Cori takes trophy at 2018 SPICE Cup

by Macauley Peterson
10/30/2018 – Jorge Cori shared first prize with Illia Nyzhnyk in St. Louis at the SPICE Cup, held from October 23rd to 28th. Cori then won the Armageddon game to claim top honours and the trophy! In all, 38 players, including 14 grandmasters competed for USD $16,550 in prizes in the 12th edition of the tournament created by GM Susan Polgar. Nyzhnyk previously won the title in 2014. | Photo: Paul Truong

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Nyzhnyk shared first

Peruvian Grandmaster Jorge Cori, a member of the super-strong Webster University chess team, won his last two games to catch Illia Nyzhnyk atop the annual SPICE Cup standings and force an Armageddon playoff.

Cori is having a great year — the 23-year-old  won a gold medal on board three at the Batumi Olympiad after posting a 2925 performance rating, and is now approaching 2700 Elo.

In St. Louis he and drew three won five games — the most of any player — which made up for his second-round loss to Awonder Liang in a wild game.


Cori's 15...Ne8 was asking for trouble (Ne4 would keep the game equal) and Liang pounced with 16.Qh3 f5 17.g4! prying open the g-file and the b1-h7 diagonal.

Liang missed several chances to put the game out of reach early, notable on move 28:


Liang's 29.a3 is based on the fact that if the b4-bishop leaves the a3-f8 diagonal White mates with Bc5+ and Qg7#. But Cori found the only saving move 29...h5! when Liang is still better after 30.Qg5 but Cori could hope to untangle and survive the endgame after 30...Qe7 (not played) 31.axb4 Qxg5.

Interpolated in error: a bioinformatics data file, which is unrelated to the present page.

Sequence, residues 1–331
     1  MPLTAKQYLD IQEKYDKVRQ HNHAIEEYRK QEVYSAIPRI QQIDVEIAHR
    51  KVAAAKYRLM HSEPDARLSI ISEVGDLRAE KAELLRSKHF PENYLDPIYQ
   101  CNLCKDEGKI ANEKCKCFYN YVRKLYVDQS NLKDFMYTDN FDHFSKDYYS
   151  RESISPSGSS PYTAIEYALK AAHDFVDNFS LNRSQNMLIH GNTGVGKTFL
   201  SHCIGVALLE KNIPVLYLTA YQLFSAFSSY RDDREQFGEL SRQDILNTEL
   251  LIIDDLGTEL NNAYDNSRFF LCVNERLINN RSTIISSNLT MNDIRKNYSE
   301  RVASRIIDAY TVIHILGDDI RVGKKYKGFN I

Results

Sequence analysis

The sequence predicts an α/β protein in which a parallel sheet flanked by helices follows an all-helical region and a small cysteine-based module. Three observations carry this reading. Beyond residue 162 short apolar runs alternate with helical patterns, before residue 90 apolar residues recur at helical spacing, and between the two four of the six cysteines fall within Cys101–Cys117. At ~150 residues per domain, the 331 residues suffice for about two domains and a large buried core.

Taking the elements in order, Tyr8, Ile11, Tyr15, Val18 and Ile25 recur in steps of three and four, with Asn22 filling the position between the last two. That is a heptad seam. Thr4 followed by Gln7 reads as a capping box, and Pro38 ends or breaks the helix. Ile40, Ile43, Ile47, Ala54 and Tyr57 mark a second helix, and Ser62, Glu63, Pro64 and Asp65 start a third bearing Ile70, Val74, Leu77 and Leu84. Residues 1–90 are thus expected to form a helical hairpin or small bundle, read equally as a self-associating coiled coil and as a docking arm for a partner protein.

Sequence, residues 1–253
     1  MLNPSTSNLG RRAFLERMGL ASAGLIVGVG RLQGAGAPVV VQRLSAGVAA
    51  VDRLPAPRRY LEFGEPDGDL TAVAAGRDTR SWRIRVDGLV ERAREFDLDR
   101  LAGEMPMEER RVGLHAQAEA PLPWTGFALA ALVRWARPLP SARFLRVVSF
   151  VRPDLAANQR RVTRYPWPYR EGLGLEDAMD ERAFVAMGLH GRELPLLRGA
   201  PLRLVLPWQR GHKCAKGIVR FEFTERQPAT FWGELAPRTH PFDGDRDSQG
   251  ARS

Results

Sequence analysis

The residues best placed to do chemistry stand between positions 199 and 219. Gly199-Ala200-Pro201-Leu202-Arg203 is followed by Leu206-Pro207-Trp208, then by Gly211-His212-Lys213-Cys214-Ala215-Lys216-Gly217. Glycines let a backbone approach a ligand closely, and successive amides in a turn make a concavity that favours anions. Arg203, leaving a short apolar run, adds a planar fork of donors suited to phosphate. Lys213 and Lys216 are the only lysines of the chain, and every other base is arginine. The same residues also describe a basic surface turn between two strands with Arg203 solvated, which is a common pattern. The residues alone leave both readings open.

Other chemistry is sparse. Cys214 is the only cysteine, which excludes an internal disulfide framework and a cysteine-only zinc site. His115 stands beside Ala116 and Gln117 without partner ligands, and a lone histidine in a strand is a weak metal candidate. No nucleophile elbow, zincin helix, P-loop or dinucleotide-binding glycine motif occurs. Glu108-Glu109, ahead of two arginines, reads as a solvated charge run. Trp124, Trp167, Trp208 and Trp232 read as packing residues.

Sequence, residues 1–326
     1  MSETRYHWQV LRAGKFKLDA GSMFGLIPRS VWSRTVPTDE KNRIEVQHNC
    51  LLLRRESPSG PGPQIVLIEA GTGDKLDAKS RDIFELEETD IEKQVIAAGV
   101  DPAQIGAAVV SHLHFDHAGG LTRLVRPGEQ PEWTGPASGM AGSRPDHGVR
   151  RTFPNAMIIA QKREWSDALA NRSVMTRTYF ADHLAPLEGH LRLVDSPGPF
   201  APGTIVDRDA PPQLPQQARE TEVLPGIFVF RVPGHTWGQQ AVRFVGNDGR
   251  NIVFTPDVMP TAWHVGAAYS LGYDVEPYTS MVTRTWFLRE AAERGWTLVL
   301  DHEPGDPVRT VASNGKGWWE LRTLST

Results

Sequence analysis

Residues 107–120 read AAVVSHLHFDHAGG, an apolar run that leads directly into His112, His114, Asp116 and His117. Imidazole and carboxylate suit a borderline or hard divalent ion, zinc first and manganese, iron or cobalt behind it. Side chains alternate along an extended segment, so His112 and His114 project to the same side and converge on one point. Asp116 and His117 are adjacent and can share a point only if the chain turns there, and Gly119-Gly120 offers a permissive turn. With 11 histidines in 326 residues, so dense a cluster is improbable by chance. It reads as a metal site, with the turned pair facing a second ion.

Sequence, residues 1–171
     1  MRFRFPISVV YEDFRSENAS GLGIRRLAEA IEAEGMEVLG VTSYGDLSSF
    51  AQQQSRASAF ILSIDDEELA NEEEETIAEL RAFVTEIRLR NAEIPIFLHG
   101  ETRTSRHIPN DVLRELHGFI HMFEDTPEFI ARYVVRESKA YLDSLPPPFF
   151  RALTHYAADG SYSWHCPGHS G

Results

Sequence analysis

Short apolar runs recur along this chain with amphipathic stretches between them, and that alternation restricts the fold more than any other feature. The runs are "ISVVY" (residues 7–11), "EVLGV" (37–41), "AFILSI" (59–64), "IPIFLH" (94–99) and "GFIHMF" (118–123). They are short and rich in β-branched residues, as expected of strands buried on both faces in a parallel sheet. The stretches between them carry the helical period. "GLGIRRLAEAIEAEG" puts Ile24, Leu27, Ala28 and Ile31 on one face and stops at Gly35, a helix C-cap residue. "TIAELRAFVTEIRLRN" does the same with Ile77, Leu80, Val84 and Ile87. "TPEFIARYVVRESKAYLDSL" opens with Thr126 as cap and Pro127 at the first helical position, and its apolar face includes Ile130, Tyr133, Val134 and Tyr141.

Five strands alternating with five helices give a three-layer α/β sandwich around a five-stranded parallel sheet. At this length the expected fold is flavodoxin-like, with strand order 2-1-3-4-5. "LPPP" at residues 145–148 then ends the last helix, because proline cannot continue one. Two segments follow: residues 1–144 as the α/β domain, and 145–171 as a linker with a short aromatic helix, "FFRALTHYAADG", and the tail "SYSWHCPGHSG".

Instead, from the diagram position, the crushing blow was 29.f5, hitting the bishop laterally. Black has the same problem as above, but this time there's no defence.

Awonder Liang

Awonder Liang was the 14th youngest GM of all time (Cori is 20th) | Photo: Paul Truong

Nyzhnyk was leading the tournament by half a point going into the last round after beating Benjamin Gledura with the black pieces. Gledura had the best start winning his first four games but 2 points from his last five games (including his loss in the penultimate round) left him tied for 3rd.


White looks to be holding after 39.Ra7+, as he will be able to pick off the e-pawn, for instance, 39...Kd6 40.Kf2 Nxh2 41.Ke3. But in the game after 39.Kf2 Kb6 40.Ke3 Rxe7 41.h3? Nyzhnyk held onto the pawn with 42...Nh4 42.Rf1 (one move earlier this may still be drawing) 42...Ng2+43.Ke2 e3 and soon advanced it to e2 winning.

Gledura vs Nyzhnyk

Gledura gets set to make his first move against Nyzhnyk in the background | Photo: Paul Truong

Cori's crucial last round win came at the expense of Alex Lenderman who fell into a trap:


Lenderman played 24...Bb8. Can you spot the problem?

25.Qxd5! exploiting the pin and winning a clear pawn after cxd5 26.Rxc8 Re8 27.Rxd8

Cori went on to win easily a few moves later and reached 6½ points to force the Armageddon playoff:

Video replay of the playoff

Prize winners

(L to R)  Elizabeth Stroble (Webster University President), Alex Shimanov, Yuniesky Quesada Perez, Alex Lenderman, Susan Polgar | Photo: Paul Truong

Final standings (top 10)

Rk. Name Pts.
1 Jorge Cori 6.5
2 Illia Nyzhnyk 6.5
3 Lazaro Bruzon Batista 6.0
4 Benjamin Bok 6.0
5 Benjamim Gledura 6.0
6 Awonder Liang 6.0
7 Aleksandr Lenderman 5.5
8 Aleksandr Shimanov 5.5
9 Yuniesky Quesada Perez 5.5
10 Akshat Chandra 5.5

Full crosstable

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Macauley served as the Editor in Chief of ChessBase News from July 2017 to March 2020. He is the producer of The Full English Breakfast chess podcast, and was an Associate Producer of the 2016 feature documentary, Magnus.


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